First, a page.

Joseph A. Vittek, 75, bus driver for MTA with agency's longest stint behind wheel

May 09, 2000|By Gail Gibson | Gail Gibson,SUN STAFF

Joseph A. Vittek, the state Mass Transit Administration's longest-serving full-time bus driver, with more than 50 years behind the wheel, died Friday of illness brought on by depression at Manor Care nursing home in Rossville. He was 75 and had lived in Eastwood in Baltimore County.

Mr. Vittek began his career as a Baltimore bus driver in 1947 on the advice of his father-in-law, who told him that if he did it well, he would never have to look for another job. The advice proved true.

He started as a driver with the old Baltimore Transit Co. when the city's buses had no air conditioning. Baltimore Transit became part of the MTA in 1971, and in 1978, Mr. Vittek began driving exclusively for MTA's Mobility service for disabled riders.

He stayed with the Mobility service until his retirement in 1997, his 50th work anniversary. He gave his home telephone number to regular riders and once slept at the bus depot on Washington Boulevard during a winter storm in case he was needed to replace a driver who was unable to report to work.

"People get to know your name. They depend on you to get them to the hospital or work. It's not really work, driving the bus. It's a nice pleasure to deal with people like this," Vittek told The Sun in October 1996, four months before he was scheduled to retire.

As it turned out, Mr. Vittek never really quit. He continued working full time as a driver and supervisor for an MTA-affiliated van service until February 1999, said his daughter, Linda Miller of Eastwood.

"He was one of our premier drivers for the Mobility Paratransit service," said Frank Fulton, MTA spokesman. "He was one of the distinguished veteran bus operators. He also held bus badge No. 1 [which signifies seniority] until he retired."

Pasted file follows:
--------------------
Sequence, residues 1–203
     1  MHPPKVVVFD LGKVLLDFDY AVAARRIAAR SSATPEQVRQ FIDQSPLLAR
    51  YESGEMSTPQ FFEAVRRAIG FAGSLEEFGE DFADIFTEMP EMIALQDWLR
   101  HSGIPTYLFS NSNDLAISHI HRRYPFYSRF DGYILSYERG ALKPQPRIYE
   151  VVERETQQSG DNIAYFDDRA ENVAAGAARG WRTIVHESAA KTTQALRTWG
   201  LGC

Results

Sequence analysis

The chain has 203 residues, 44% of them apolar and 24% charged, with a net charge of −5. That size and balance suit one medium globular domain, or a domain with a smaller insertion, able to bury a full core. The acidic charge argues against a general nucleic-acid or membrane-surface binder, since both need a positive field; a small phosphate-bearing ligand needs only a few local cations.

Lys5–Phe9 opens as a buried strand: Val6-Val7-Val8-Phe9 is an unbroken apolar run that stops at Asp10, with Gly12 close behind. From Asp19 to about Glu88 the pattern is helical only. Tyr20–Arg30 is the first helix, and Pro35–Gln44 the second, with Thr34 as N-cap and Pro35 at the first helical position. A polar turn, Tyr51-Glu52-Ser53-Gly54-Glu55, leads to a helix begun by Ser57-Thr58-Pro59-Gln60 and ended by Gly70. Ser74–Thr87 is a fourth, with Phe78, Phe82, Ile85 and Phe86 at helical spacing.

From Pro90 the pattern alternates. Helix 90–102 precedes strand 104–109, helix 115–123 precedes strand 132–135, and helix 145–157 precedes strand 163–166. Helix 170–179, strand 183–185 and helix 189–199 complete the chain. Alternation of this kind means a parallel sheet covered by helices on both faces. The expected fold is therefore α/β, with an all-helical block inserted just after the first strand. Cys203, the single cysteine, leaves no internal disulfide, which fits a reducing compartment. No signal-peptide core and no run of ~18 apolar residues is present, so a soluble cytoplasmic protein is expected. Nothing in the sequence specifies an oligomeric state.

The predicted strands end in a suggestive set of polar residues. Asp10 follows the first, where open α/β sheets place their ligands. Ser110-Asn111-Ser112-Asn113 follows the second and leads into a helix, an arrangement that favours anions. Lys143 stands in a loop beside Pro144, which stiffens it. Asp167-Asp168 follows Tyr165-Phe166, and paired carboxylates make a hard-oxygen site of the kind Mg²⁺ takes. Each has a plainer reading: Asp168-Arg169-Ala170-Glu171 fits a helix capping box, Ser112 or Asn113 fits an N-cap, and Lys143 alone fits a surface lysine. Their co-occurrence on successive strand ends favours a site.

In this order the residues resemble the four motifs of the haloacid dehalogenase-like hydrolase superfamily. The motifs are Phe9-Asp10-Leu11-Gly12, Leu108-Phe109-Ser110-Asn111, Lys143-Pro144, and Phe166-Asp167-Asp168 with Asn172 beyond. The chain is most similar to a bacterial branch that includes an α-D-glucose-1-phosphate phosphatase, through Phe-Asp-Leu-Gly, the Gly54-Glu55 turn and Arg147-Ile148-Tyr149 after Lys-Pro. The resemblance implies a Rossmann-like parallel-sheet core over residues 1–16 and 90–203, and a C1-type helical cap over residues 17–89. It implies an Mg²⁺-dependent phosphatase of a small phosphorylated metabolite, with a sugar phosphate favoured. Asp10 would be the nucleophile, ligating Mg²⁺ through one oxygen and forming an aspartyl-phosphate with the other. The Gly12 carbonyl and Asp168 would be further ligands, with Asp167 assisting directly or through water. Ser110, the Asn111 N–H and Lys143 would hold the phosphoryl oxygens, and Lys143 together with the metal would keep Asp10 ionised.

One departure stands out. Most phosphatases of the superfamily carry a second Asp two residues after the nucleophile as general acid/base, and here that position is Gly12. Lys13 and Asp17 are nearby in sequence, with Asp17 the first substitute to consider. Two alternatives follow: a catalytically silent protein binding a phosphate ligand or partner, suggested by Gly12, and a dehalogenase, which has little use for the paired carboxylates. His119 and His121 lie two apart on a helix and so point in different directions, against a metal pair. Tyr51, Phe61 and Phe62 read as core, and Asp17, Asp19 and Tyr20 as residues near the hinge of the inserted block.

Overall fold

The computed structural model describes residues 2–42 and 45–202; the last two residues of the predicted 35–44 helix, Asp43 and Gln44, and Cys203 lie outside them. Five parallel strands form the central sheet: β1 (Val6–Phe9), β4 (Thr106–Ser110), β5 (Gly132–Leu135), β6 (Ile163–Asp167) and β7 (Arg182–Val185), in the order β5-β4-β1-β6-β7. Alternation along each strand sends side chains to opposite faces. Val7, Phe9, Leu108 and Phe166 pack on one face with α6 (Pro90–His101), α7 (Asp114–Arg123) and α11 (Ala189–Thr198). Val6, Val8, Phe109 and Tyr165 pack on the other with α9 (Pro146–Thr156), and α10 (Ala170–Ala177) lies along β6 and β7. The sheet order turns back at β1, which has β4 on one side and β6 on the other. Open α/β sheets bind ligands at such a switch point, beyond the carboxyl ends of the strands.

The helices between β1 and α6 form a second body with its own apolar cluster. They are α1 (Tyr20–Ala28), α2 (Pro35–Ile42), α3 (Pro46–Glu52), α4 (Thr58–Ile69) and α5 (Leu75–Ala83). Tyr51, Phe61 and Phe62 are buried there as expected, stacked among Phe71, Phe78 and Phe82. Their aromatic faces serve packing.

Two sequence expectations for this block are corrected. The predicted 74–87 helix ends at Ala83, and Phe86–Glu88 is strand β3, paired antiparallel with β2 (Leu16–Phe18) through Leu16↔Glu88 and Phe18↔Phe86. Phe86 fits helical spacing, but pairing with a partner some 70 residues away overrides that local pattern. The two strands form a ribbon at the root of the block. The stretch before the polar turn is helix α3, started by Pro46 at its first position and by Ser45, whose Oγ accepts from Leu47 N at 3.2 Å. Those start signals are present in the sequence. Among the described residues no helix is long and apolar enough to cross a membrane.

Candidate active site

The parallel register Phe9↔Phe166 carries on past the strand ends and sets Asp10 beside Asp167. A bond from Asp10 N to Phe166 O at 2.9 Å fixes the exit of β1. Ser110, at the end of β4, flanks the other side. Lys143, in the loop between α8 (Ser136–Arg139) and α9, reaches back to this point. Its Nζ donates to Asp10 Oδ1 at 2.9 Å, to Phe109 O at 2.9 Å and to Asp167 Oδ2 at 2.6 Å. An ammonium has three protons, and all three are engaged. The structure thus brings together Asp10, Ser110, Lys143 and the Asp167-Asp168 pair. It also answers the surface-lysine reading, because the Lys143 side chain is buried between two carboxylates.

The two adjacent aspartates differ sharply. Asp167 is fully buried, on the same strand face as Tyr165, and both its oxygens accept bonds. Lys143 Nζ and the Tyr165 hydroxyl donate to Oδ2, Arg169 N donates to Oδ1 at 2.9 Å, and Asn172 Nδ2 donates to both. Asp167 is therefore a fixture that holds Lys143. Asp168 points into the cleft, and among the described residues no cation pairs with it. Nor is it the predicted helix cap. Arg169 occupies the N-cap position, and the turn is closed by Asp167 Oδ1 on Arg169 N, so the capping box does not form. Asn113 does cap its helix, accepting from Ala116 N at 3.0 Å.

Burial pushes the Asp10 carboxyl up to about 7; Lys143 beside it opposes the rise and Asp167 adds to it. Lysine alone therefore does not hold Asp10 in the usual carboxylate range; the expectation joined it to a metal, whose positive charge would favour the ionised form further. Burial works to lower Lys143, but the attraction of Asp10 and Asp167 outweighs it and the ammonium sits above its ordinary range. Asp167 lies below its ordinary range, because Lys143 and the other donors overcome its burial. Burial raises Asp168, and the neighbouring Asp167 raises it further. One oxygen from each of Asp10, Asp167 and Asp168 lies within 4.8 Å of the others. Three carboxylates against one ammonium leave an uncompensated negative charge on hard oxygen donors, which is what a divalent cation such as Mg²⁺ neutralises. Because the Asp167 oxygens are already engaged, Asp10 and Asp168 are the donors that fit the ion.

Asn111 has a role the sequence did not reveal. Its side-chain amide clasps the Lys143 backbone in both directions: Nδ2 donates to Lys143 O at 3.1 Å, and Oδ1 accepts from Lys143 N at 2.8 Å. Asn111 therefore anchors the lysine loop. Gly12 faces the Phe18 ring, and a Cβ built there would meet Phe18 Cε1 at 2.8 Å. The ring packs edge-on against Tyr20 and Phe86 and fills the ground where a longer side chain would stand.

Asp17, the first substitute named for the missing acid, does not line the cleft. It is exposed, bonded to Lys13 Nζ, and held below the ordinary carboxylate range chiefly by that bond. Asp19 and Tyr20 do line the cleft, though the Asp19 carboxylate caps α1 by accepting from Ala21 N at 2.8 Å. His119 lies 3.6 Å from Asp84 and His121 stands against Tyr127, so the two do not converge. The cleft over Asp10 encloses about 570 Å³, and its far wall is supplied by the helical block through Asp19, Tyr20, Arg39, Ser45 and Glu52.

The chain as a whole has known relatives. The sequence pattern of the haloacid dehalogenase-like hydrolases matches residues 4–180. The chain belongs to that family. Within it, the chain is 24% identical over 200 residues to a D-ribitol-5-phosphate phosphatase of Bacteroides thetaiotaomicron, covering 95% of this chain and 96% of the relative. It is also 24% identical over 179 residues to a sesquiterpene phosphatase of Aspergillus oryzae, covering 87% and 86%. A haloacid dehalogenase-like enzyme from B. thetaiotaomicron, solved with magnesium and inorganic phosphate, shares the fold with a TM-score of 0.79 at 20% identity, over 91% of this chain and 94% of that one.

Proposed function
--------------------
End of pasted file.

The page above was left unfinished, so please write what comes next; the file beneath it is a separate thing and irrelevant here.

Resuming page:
He stopped driving only because of failing physical health, Ms. Miller said. Without his work, Mr. Vittek's mental and physical condition quickly deteriorated. In recent weeks, she said, her father had become increasingly depressed and stopped eating.

"He gave up the thing he loved, and it literally killed him," Ms. Miller said.

Mr. Vittek died at Manor Care nursing home, where his older sister, Marie Krause, also lives and helped care for him.

Born in 1925 in Baltimore, Mr. Vittek grew up in Highlandtown, the oldest boy of seven children. His father died when he was 13, and he went to work at an early age to help support his family.

He married Rita L. Nelson in 1945, and the couple raised two sons and a daughter. Mr. Vittek said in 1996 that his wife often was ill and that between his work and caring for her, he had no free time for hobbies or other activities. Rita Vittek died of cancer in 1992.

Mr. Vittek is also survived by two sons, Joseph Vittek Jr. and Charles Vittek, both of Eastwood; two other sisters, Patricia Placide of Reisterstown and Joan Wellington of Eastwood; three brothers, Robert Vittek of Edgemere, James Vittek of Perry Hall and John Vittek of Selbyville, Del.; and four grandchildren.

Services will be held at 11 a.m. Thursday at Bradley-Ashton-Matthews Funeral Home, 2134 Willow Spring Road in Dundalk.

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